Open Interpreter: Create and run code locally with artificial intelligence

So far we have used generative models that, in response to a specific user request (prompt), offer an output: a text, an image, an audio track, and so on. Open Interpreter is an open source, locally run implementation of the OpenAI code interpreter. We have already seen what ChatGPT Code Interpreter is, a feature reserved for paying OpenAI users that allows artificial intelligence to run code on the cloud and perform a wide range of tasks, including generating graphs and maps, solving mathematical problems, editing files, and much more.

Open Interpreter, on the other hand, allows you to run the programming code generated by artificial intelligence, directly on a normal PC, workstation or server. This type of approach promises to be truly revolutionary because the user can ask the generative modelusing natural language instructions, to automate tasks, create content and carry out operations that would normally require many steps and the use of many tools.

Differenze tra Open Interpreter e ChatGPT Code Interpreter

The goal of Open Interpreter, as also explained on the official website, is to allow users LLM models (Large Language Model) to run code directly on the user’s system.

While Code Interpretercurrently based on the GPT-4 generative model, offers the opportunity to carry out the required tasks relying on the OpenAI infrastructure and without the possibility of drawing on data stored on local systems, Open Interpreter is able to execute the code in the environment of the user, with full access to the Internet e no restrictions in time and file size.

Conversely, Code Interpreter is hosted on OpenAI servers, is closed and severely limited: it does not have access to the Internet, has a limited set of pre-installed packages and does not allow you to upload and process code files. dimensions higher than 100 MB. The code executed a runtime it cannot take more than 120 seconds to complete all its processing: otherwise you will get an error message.

Running code locally with Open Interpreter: what can be the advantages?

To those who were skeptical about leaving run code on the local systemlet’s say right away that Open Interpreter responds exactly to requests (prompt) of users. Also, before running the code, the user must approve it specifically. Furthermore, there is a safe mode, currently in an experimental phase, which allows any risk to be mitigated. At the moment it only does this from the terminal window but, in the near future, it will be possible to use adedicated application.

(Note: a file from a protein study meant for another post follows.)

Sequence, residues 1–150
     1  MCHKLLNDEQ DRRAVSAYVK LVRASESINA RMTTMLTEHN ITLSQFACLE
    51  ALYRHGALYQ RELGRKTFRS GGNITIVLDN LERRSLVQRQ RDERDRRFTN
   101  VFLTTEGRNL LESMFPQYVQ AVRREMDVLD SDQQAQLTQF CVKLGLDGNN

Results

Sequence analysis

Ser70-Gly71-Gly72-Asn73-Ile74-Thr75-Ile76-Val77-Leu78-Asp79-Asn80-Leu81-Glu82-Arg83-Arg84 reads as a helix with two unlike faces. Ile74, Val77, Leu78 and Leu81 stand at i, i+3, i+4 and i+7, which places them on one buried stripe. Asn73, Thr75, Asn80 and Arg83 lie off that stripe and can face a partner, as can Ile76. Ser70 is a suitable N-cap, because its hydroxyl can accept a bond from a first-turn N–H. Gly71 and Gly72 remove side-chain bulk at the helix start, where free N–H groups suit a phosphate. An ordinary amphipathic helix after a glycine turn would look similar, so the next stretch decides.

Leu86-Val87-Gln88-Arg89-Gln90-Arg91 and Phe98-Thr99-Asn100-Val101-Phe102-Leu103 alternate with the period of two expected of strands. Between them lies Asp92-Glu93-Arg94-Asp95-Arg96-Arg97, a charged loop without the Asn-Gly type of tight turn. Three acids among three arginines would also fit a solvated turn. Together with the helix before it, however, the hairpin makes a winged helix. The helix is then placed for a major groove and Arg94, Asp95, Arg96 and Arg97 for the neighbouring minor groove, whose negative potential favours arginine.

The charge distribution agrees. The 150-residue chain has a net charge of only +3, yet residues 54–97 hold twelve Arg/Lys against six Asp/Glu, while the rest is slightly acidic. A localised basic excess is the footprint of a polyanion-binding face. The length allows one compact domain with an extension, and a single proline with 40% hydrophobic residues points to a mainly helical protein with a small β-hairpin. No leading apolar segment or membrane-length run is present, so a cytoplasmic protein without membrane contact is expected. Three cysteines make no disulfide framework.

For example, the user can order the execution of commands using the natural language in order to exploit the computational capabilities of the machine in use. Open Interpreter can therefore create and edit photos, videos, PDFs, control a browser, analyze large data sets, and so on. Can also generate applications actual using languages ​​such as Python, JavaScript, PHP and so on.

In this demonstration video, you can see how Open Interpreter can modify system settings, create an application that acts as a timer in just a few seconds, summarize the contents of a document, interact with installed apps (such as email and calendar) to collect information and share it with other users, transform all the documents contained in a folder into PDF and so on. There is truly no limit to what you can do.

Installation and use

Installing Open Interpreter is simply done via the following command:

pip install open-interpreter

Once installation is complete, it is possible to interact with Open Interpreter through an interface similar to ChatGPT which focuses on the terminal window: just type interpreter and communicate your request, preferably with as clear and detailed a description as possible.

To run both commands, you need to have Python and the pip package manager installed on the system.

The behavior of Open Interpreter can currently be customized by intervening on the configuration file config.yaml. By using multiple configurations, you can have Open Interpreter switch between them.

In addition to the terminal window, users can develop simple apps which acquire as input the prompt to be passed to Open Interpreter. For example, the following simple lines of Python code allow you to obtain a graph containing the required information and then start one interactive chat:

import interpreter"Crea un grafico con l'andamento dei valori azionari di Apple e Meta") # Esegue il singolo comando indicato # Avvia una chat interattiva

All the information about syntax advanced that Open Interpreter supports, are available on the official GitHub repository.


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